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ben_m last won the day on August 8 2013

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    British photo reconnaissance at the beginning of WW2.

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  1. On cluster munitions: David Mace of the Project Typhoon at the Jet Age Museum built a replica one last year from original parts. This is the final post about it: https://www.facebook.com/groups/tempesttyphoon/permalink/2904612999806294/ look baxk at David's posts for before this to see the progress photos.
  2. Wow, thanks for posting this @RMCS, I did wonder what had become of the model. Thank you for making the repairs! Do you know where it will be on display? I'm just coming back to this thread as I changed my web hosting to one with a SSL certificate, so all the images are now show in modern browsers (which now block non-https-hosted images when on a https site).
  3. The filter goes from the rear of the cuckoo doors to pretty much the surface of the oil cooler (i.e. further back than the surface of the radiator) see: http://www.whalens.ca/prepb86.html
  4. That's the fairing I was discussing. I put 'shadow' in inverted commas, as I believe it is also oil, due to similarity to other stain.
  5. Looks like the port aileron hinge line to me.
  6. I believe this is a R7059, in PRU Pink, a Mk. I PR Type G, as it has armoured windscreen and small inboard roundels. I'm inclined to think the black mark is an oil spill. Also interested in the fairing for the rear downward oblique camera position (shown more clearly in the second link posted by Simon https://www.asisbiz.com/il2/Spitfire/RAF-1PRU/pages/Spitfire-PRIG-RAF-1PRU-LY-R7059-St-Eval-Cornwall-England-1941-web-01.html ). It seems to cast a 'shadow' that is too dark to be a shadow, the same density as the putative oil spill.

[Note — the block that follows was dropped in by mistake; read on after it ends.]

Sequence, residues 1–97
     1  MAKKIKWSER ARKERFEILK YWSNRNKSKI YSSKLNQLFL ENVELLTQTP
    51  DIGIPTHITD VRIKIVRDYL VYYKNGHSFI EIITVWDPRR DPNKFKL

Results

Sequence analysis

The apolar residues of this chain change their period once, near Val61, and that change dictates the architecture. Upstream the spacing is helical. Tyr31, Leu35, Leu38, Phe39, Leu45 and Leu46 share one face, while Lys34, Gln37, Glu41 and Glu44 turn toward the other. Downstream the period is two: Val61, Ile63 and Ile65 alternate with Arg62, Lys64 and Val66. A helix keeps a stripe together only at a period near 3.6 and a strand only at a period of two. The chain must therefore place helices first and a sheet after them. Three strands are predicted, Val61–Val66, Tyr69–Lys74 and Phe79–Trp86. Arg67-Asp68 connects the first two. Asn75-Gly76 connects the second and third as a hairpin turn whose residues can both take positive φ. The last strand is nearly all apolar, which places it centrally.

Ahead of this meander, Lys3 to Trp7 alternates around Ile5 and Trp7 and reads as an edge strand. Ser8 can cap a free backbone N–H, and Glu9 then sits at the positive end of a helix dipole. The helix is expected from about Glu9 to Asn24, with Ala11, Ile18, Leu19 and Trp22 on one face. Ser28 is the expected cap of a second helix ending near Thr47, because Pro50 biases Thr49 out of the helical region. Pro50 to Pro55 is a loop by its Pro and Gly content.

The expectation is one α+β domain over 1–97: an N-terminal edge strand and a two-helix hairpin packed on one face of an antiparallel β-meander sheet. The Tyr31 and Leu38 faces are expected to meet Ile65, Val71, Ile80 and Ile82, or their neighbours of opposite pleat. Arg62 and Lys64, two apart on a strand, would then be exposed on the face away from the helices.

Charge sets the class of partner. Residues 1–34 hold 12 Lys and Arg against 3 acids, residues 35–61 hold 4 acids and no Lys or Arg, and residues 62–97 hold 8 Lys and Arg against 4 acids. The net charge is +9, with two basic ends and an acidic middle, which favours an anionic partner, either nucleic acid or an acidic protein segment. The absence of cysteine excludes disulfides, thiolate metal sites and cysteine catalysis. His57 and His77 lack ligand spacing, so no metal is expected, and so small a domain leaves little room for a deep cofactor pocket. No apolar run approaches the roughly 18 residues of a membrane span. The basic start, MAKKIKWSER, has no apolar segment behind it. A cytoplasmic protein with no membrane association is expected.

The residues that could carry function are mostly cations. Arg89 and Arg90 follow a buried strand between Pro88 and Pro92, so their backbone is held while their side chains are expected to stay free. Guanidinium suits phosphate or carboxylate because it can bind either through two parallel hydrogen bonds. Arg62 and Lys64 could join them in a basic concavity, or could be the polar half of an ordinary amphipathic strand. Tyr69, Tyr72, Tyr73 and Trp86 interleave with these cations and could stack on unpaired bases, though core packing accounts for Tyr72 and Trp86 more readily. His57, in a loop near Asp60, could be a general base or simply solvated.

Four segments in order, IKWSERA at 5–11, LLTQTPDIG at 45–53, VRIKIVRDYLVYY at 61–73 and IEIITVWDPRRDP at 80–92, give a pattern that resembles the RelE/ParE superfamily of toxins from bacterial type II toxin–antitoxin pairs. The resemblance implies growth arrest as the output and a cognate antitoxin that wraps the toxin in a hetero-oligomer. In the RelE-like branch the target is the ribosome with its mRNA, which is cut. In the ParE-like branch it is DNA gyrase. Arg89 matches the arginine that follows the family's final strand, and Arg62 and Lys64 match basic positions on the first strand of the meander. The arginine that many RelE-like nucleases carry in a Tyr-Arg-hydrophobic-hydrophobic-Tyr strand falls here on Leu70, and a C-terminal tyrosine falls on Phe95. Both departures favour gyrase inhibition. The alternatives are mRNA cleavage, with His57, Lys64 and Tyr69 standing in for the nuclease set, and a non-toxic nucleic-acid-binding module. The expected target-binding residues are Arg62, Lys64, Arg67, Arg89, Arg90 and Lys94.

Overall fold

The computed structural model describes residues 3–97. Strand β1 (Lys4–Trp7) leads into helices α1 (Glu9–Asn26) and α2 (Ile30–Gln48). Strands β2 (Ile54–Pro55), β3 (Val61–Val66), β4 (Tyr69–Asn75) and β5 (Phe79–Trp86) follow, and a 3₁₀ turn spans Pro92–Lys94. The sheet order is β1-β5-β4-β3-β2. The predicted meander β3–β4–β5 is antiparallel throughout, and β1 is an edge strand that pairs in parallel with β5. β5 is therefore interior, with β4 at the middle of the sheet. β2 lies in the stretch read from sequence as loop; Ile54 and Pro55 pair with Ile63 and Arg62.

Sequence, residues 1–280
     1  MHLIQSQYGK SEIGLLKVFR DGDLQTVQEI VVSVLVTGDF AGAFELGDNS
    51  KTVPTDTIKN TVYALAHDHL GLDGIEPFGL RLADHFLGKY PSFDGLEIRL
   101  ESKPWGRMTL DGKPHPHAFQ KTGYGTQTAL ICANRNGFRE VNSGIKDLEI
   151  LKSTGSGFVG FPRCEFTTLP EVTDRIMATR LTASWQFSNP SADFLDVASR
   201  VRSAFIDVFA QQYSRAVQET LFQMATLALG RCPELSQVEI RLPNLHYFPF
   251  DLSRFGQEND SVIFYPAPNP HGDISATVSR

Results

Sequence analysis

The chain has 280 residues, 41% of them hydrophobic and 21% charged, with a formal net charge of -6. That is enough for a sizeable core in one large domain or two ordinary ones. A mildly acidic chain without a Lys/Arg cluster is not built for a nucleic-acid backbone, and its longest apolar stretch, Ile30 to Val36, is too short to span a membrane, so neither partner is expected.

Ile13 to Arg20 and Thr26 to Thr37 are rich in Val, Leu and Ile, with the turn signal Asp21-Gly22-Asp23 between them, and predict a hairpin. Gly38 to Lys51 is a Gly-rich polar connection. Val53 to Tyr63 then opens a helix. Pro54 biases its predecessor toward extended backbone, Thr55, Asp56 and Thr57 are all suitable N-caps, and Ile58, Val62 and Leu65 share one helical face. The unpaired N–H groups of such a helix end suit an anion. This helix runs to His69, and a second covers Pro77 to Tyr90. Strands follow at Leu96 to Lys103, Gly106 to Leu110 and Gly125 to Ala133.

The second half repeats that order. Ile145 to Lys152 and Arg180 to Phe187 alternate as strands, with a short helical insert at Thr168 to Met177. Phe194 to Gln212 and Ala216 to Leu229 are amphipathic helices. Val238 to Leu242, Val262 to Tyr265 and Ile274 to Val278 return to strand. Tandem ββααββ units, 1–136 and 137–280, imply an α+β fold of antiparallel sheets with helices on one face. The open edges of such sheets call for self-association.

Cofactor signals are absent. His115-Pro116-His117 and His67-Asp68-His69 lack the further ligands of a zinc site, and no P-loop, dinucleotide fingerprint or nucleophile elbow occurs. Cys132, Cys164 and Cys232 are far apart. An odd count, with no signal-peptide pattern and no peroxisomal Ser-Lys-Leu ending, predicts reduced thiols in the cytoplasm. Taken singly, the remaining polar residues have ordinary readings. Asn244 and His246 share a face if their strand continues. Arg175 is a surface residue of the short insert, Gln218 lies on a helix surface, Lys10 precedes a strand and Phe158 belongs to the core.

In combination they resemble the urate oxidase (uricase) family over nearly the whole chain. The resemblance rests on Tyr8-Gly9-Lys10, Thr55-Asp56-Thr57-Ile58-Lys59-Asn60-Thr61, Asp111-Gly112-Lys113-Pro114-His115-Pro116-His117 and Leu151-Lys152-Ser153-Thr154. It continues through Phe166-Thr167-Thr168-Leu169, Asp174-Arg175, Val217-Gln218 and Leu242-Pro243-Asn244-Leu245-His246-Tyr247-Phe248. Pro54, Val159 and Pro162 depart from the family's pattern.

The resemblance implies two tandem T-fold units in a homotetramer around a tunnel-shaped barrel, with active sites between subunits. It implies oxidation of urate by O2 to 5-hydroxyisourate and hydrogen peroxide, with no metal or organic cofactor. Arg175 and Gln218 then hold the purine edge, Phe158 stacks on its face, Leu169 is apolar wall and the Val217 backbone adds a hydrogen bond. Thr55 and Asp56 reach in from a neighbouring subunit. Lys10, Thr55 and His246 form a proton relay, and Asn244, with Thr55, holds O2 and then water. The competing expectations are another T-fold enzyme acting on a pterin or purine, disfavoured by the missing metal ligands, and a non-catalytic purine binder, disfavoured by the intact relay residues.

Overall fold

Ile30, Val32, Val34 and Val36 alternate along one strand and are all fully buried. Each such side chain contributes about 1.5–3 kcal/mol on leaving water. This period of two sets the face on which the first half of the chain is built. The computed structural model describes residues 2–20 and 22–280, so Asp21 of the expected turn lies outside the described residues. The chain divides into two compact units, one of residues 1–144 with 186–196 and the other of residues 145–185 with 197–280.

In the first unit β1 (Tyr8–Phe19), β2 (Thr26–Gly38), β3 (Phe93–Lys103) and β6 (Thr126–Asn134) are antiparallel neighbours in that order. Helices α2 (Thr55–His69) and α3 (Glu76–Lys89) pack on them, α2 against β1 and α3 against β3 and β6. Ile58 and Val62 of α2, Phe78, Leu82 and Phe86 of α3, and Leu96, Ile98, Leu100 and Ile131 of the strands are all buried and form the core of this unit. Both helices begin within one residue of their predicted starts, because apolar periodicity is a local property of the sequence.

7. I think this is the answer to the mysterious venturi tube. I didn't release the K-20 had vacuum film flattening. (Re: use of K-20 in B-29 tail) Using a camera with vacuum film flattening is not related to an environment being unpressurized. Also, there is also no appreciable removal of air from an environment where such a camera is used, the film seals against an array of tiny holes in the film pressure plate.
  8. ben_m

    Its a glossy day

    The matting agent in the rattle can may have separated out, was it shaken for a couple of minutes? Also coats have to be light to be really Matt.
  9. ben_m

    Gluing PE

    I use super glue (or solder if strength is needed)- and use both methods the same- hold the parts in the right position before applying the glue/solder, then then is no need for repositioning time.
  10. Really nice! I'd like to build a recon one; I think they operated England in autumn 1944? What are the I retesting things under the wings? Look like parachutes on the front? Some sort of aerial mine?
  11. Definitely agree wifs can get mojo back- you can't obsess over getting the details right, as it didn't exist at all, so things move forward faster. Same for doing sci-fi or fantasy modelling.
  12. Interesting that the gunsight has a reflector panel- I thought most just used the inner surface of the windscreen.
  13. As I noted earlier, I don't think the ceiling altitude of the X was greater than the XI, as this is dictated by the engine. High altitude was certainly not a new operating environment to strategic PR missions at this point; the 36" lens having been established as the tool of the trade. Their altitude was there main defence against interception. The introduction of the higher altitude XIX was sped up due to interceptions of XI by Me 163, which could climb faster than anything seen before. As the unpressurised XIX was contemporary with the X, and the Griffon did allow for a higher ceiling, it could be argued that the XIX was the better candidate for a new high altitude scheme. But there could be the argument that as the only pressurized aircraft at this point, they dedicated the X to high altitude missions, as the XIX's higher performance might be useful in medium altitude missions too. AIRCRAFT OF THE ROYAL AIR FORCE, 1939-1945: SUPERMARINE SPITFIRE.. © IWM (ATP 12822C) IWM Non Commercial License But if that were the case, why would they have oblique cameras fitted to Xs?
  14. To expand on my dirt theory- the panel above the chin, under the exhausts, looks like it has recently been cleaned- the exhaust staining on the panel over the top of the nose (above exhausts) is strong, but stops in a hard edge along the panel line, suggesting the panel was cleaned off the aircraft. And the intake under the chin still looks the same colour as the upper to me.
  15. Sorry for the confusion Graham, my post above was referring to Peter's comment at the top of this post- I should have quoted it for clarity. Any association of the X with pink scheme was always nonsensical. I was meaning that the X wouldn't have been seen as a (especially) high altitude PR type, so I don't see them thinking it needs a special colour scheme.
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